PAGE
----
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What Is A Right of First Refusal (Explained: All You Need To Know)

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What is a right of first refusal?

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What Is Right of First Refusal

A right of first refusal is a contractual provision where a party is granted the right to enter into a business transaction before anyone else can enter into the same transaction.

In other words, the party who is granted the right of first refusal has the right to entertain a business offer before anyone else.

Having the right of first refusal does not force you to enter into a business transaction when an offer is made, you have the “right” to do so.

If the offer is refused, then anyone else can potentially accept the offer.

For example, an investor may purchase 10% of a company’s shares immediately but obtain the right of first refusal for the purchase of another 5%.

If the company wants to issue additional shares, it must first make an offer to the investor who will have the right to purchase up to 5% of additional company shares.

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How Does Right of First Refusal Work

The right of first refusal can be given to any contracting party and in any type of commercial transaction.

The main reason why a right of first refusal is given to an individual or company is to give that party the “option” to enter into a transaction in the future.

For example, a real estate property owner may grant the right of first refusal to a commercial tenant to purchase the property in the event a third party makes an offer.

This means that the commercial tenant will have the “option” or “choice” to acquire the property if a third party makes a formal offer.

The contracting parties can define the terms of the right of first refusal to the specifics of their transaction.

However, in most cases, this right is granted for a specific period of time and gets triggered in very specific contractually defined events.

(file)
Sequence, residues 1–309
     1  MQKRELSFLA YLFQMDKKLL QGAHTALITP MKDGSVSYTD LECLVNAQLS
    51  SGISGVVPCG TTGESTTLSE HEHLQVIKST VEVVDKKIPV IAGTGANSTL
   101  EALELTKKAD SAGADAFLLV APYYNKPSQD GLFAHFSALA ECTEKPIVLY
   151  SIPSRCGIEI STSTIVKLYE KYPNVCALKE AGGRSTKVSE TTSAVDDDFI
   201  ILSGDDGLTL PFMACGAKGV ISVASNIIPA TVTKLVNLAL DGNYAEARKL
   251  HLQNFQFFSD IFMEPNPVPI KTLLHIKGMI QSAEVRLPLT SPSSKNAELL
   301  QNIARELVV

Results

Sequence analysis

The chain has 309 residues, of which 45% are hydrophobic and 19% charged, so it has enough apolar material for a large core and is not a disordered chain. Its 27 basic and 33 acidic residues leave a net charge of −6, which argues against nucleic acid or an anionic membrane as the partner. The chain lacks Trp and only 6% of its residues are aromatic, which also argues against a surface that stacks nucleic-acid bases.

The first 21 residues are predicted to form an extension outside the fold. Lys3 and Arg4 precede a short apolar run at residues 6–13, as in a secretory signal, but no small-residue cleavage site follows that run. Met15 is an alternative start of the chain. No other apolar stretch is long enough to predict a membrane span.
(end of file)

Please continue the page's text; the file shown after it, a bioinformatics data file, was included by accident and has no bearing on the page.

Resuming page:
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Right of First Refusal Elements

The parties to a contract can negotiate a right of first refusal in an unlimited number of ways and have it customized to their needs.

In general, the right of first refusal includes the scope of the right, events that trigger the right, the exclusions, the duration of the right, how long the beneficiary of the right has to respond, and the transferability of the right.

The scope of the right provides details as to what business transaction is covered by the right of first refusal (is it to purchase land, real estate, shares, equipment, etc).

The events that trigger the right refer to in what circumstances will the beneficiary of the right can exercise its options (is it when the owner wishes to sell, the receipt of a third party bona fide offer, etc).

The exclusions are events that the parties specifically intend to exclude.

The duration of the right is the period of time the beneficiary of the right is given the option to enter into the underlying transaction.

The time period to respond refers to the time period the beneficiary has to accept or waive its right of first refusal when the right is triggered.

Transferability refers to the right of the parties are authorized to transfer the right of first refusal to someone else or not.

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Right of First Refusal Advantages

A right of first refusal can have several advantages.

The party benefiting from the right of first refusal will have an advantage in the business transaction over anyone else.

For example, if an investor has the right of first refusal on additional shares issued by the company, the investor has the assurance that it can always purchase additional shares to protect its share ownership percentage.

Another advantage of a right of first refusal is that it’s a “right” and not an “obligation”.

The beneficiary of the right can choose to exercise the right if it makes sense and waives the right if the conditions are not optimal.

Another benefit of the right is that it gives the beneficiary of the right time to consider entering into a commercial transaction in the future or not.

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Right of First Refusal Disadvantages

Although the right of first refusal can have many benefits, you should also consider its drawbacks.

The first drawback is that the right of first refusal may be triggered at a point in time when the beneficiary of the right is not in a good financial position to enter into the transaction.